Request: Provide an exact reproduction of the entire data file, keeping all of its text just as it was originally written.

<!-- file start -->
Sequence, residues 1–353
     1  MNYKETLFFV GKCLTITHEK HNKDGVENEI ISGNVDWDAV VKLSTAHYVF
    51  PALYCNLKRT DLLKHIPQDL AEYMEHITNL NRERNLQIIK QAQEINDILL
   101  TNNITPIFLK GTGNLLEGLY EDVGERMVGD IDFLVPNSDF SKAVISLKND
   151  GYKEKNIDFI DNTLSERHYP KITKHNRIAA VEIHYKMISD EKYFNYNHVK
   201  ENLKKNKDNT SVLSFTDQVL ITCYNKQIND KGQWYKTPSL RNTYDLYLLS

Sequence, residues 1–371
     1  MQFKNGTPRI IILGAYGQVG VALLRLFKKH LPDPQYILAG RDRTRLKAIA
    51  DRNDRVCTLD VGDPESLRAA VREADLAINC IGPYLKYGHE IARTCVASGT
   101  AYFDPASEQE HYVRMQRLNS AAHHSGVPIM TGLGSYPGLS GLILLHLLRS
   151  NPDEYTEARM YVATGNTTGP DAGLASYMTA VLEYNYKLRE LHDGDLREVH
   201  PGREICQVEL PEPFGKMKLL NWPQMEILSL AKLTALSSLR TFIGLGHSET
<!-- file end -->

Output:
Sequence, residues 1–353
     1  MNYKETLFFV GKCLTITHEK HNKDGVENEI ISGNVDWDAV VKLSTAHYVF
    51  PALYCNLKRT DLLKHIPQDL AEYMEHITNL NRERNLQIIK QAQEINDILL
   101  TNNITPIFLK GTGNLLEGLY EDVGERMVGD IDFLVPNSDF SKAVISLKND
   151  GYKEKNIDFI DNTLSERHYP KITKHNRIAA VEIHYKMISD EKYFNYNHVK
   201  ENLKKNKDNT SVLSFTDQVL ITCYNKQIND KGQWYKTPSL RNTYDLYLLS

Sequence, residues 1–371
     1  MQFKNGTPRI IILGAYGQVG VALLRLFKKH LPDPQYILAG RDRTRLKAIA
    51  DRNDRVCTLD VGDPESLRAA VREADLAINC IGPYLKYGHE IARTCVASGT
   101  AYFDPASEQE HYVRMQRLNS AAHHSGVPIM TGLGSYPGLS GLILLHLLRS
   151  NPDEYTEARM YVATGNTTGP DAGLASYMTA VLEYNYKLRE LHDGDLREVH
   201  PGREICQVEL PEPFGKMKLL NWPQMEILSL AKLTALSSLR TFIGLGHSET